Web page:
NAIROBI, Kenya, 13 April 2017 – Each year on April 25, Roll Back Malaria (RBM) partner organizations unite around a common World Malaria Day theme. This year, the Roll Back Malaria (RBM) Partnership will carry over the same global theme as in 2016, “End malaria for good.” Within this broad theme, WHO will shine spotlight on prevention, the cornerstone of malaria control efforts in sub-Saharan Africa.
On the day, Kenya will join the rest of the world to celebrate positive trends in the global response to malaria, particularly in sub-Saharan Africa. The event will be held in Narok county, amid revelations by the World Health Organisation (WHO) 2016, World Malaria Report, of a sharp increase in diagnostic testing for children and preventive treatment for pregnant woman over the last 5 years. A greater share of the population at risk of malaria is sleeping under insecticide-treated nets.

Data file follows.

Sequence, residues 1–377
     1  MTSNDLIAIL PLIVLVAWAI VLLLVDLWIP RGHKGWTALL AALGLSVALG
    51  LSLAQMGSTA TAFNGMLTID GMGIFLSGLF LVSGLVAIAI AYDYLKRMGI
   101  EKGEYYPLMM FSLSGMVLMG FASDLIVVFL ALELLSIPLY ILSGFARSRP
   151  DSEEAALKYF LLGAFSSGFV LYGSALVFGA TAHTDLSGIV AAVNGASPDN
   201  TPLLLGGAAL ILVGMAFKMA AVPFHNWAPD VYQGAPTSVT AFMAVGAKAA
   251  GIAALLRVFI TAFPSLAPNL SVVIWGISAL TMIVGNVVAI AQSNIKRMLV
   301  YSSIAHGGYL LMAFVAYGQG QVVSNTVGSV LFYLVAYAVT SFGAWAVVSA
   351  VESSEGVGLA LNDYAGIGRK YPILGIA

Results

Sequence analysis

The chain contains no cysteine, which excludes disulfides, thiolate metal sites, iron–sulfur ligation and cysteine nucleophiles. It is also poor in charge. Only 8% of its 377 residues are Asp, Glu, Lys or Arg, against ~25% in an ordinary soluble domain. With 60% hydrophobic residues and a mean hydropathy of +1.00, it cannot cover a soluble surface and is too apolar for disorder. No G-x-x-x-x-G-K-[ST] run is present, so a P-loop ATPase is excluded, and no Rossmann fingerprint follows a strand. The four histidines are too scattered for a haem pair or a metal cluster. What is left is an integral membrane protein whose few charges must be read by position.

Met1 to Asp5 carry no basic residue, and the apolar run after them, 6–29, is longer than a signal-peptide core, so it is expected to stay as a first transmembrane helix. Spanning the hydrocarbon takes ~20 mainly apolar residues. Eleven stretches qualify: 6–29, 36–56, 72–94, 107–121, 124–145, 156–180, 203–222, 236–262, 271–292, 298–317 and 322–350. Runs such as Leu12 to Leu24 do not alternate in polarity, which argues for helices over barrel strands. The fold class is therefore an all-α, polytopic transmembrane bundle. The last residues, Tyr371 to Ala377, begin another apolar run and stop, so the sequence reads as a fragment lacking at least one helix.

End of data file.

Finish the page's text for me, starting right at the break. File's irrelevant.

The WHO report reveals that less than half (40) of the 91 countries with malaria transmission are on track to achieve these milestones although progress has been slow in countries with a high malaria burden.
The “Global Technical Strategy for Malaria 2016-2030”, approved by the World Health Assembly in 2015, calls for 40% elimination of local transmission of malaria in at least 10 countries by 2020, compared to 2015 baseline levels.
In 2015, an estimated 43% of people at risk of malaria in sub-Saharan Africa did not have access to Long Lasting Insecticidal Nets (LLINs) or Indoor Residual Spraying, (IRS). Despite recent progress in expanding access to Intermittent Preventive Treatment in Pregnancy (IPTp), intermittent preventive treatment in infants (IPTi) and seasonal malaria chemoprevention (SMC) across the region, the coverage gap still remains high, at 69%.
Prior to the event the Ministry of Health and partners will congregate in Nairobi on 24th April 2017, to review progress and scale up preventive measures, to fight this deadly disease, which still kills one child every two minutes in sub-Saharan Africa.
World Malaria Day is a chance to shine a spotlight on the global effort to control malaria. Ending malaria for good” in the region, and globally, will only be possible through an accelerated scale-up of core, WHO-recommended preventive measures.